Gullied Trough in Noachis Terra
NASA/JPL/University of Arizona
Gullied Trough in Noachis Terra
PSP_001691_1320  Science Theme: Fluvial Processes


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This observation shows gullies in a semi-circular trough in Noachis Terra. The gullies are observed to face all directions.

It is interesting to note that the gully morphology seen here depends on the orientation of the gullies. The morphology differences are most pronounced on the sunlit slope, with the gullies facing south (down) being more deeply incised than those facing the west. It is unknown what caused the different gully morphologies, but there are several possibilities.

Gullies are proposed to form at locations determined by the availability of a forming liquid (thought to be water) and/or the amount of insolation the slope receives, among other factors. It is possible that the deeper gullies experienced more erosional events or that their erosional events were more effective for undetermined reasons. It is also possible that the gullies formed at different times such that they did not have the same amount of water— either for an individual flow or total—available to them. Also, the underlying topography could make the gullies appear relatively more incised without this actually being the case.

The majority of the gullies on both sides of the trough appear to originate at a boulder-rich layer visible in the subimage. The layer appears dark on the sunlit slope because the boulders sticking out from the slopes cast shadows. If these gullies formed by water from the subsurface, then it is possible that this layer is a permeable layer that conducted water to the surface. The layer is deteriorating and traveling down slope in the form of boulders. These boulders can clearly be seen in the alcoves of the gullies on both sides of the trough.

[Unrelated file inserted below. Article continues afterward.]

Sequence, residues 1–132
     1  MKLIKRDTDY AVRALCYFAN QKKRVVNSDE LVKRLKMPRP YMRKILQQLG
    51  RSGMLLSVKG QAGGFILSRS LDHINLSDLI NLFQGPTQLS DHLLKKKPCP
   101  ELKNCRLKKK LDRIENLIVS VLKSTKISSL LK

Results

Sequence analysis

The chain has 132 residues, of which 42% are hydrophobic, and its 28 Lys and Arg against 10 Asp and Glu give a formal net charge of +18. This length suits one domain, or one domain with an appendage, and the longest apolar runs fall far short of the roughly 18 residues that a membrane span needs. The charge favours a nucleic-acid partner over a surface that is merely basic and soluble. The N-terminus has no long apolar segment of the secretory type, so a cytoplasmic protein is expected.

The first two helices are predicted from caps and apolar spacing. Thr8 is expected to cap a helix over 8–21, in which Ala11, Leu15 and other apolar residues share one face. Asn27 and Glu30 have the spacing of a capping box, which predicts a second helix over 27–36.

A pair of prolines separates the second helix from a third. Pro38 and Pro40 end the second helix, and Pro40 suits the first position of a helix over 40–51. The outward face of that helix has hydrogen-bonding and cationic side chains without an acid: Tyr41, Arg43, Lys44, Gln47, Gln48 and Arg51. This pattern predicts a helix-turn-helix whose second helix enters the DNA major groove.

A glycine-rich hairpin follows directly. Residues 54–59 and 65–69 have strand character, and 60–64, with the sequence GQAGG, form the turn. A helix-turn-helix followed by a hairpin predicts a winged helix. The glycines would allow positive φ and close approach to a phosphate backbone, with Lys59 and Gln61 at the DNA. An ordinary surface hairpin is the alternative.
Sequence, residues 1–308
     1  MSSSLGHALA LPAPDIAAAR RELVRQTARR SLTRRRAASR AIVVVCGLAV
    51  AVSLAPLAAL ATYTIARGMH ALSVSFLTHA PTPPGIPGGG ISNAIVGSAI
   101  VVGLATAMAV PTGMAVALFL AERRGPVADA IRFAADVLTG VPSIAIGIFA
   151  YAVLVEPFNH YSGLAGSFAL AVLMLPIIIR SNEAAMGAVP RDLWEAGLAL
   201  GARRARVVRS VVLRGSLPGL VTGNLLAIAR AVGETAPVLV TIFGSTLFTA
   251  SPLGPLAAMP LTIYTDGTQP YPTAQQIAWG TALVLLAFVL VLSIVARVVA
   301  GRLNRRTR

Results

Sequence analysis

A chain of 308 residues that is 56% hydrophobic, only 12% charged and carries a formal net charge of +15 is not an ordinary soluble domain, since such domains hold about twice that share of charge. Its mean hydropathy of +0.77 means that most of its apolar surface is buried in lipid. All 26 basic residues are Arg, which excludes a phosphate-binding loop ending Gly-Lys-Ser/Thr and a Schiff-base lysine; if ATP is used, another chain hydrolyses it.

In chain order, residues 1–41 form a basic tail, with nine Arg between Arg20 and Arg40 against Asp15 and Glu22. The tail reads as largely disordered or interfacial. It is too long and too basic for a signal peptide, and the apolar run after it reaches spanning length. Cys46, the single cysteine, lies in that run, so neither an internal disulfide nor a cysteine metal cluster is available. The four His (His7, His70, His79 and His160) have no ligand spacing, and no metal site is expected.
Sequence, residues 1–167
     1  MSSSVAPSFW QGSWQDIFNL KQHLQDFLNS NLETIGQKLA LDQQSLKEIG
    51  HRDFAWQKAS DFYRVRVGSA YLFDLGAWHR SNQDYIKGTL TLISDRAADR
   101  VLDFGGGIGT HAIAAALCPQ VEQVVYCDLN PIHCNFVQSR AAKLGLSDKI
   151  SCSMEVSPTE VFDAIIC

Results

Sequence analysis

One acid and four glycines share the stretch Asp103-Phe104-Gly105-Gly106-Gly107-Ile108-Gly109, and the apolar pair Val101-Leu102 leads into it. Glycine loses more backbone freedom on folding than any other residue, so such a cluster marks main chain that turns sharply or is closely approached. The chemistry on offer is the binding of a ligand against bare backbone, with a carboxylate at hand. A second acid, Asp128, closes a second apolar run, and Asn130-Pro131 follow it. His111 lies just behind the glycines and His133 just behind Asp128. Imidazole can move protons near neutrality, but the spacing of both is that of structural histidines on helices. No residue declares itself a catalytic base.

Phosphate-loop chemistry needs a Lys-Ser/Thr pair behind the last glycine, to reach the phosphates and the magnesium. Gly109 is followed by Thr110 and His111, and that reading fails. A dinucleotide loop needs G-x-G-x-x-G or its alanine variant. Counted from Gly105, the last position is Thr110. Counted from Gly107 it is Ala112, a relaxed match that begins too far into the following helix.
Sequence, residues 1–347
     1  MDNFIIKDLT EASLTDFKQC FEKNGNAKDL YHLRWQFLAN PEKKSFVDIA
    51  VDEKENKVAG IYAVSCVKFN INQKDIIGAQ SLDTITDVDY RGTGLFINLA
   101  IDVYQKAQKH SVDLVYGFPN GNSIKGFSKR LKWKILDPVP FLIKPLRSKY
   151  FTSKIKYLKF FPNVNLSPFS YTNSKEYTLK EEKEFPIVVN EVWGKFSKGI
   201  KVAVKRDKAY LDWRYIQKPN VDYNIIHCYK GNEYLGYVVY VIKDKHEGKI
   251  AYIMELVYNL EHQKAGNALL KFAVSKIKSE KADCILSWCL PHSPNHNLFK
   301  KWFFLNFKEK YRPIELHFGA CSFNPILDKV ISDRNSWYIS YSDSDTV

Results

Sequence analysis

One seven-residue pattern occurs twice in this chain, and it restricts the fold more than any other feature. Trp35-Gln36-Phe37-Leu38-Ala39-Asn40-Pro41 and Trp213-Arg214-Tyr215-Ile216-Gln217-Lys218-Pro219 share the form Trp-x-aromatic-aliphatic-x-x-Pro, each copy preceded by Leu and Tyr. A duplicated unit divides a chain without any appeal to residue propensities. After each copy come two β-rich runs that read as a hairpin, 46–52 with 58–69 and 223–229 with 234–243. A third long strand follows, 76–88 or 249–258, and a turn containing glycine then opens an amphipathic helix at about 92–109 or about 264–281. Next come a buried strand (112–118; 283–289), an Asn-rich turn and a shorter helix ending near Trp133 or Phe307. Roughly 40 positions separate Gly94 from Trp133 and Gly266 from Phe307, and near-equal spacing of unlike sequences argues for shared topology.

Note that the alternating stripes on the left side of the image are an artifact from camera noise. They are not real features.

Written by: Kelly Kolb   (28 April 2010)

This is a stereo pair with PSP_001823_1320.

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Acquisition date
06 December 2006

Local Mars time:
15:39

Latitude (centered)
-47.457°

Longitude (East)
4.358°

Range to target site
258.5 km (161.6 miles)

Original image scale range
51.7 cm/pixel (with 2 x 2 binning) so objects ~155 cm across are resolved

Map projected scale
50 cm/pixel and North is up

Map projection
Equirectangular

Emission angle:
14.0°

Phase angle:
89.2°

Solar incidence angle
78°, with the Sun about 12° above the horizon

Solar longitude
146.1°, Northern Summer

North azimuth:
96°

Sub-solar azimuth:
41.7°
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Postscript
For information about NASA and agency programs on the Web, visit: http://www.nasa.gov. NASA's Jet Propulsion Laboratory, a division of the California Institute of Technology in Pasadena, Calif., manages the Mars Reconnaissance Orbiter for NASA's Science Mission Directorate, Washington. Lockheed Martin Space Systems is the prime contractor for the project and built the spacecraft. The HiRISE camera was built by Ball Aerospace and Technology Corporation and is operated by the University of Arizona. The image data were processed using the U.S. Geological Survey’s ISIS3 software.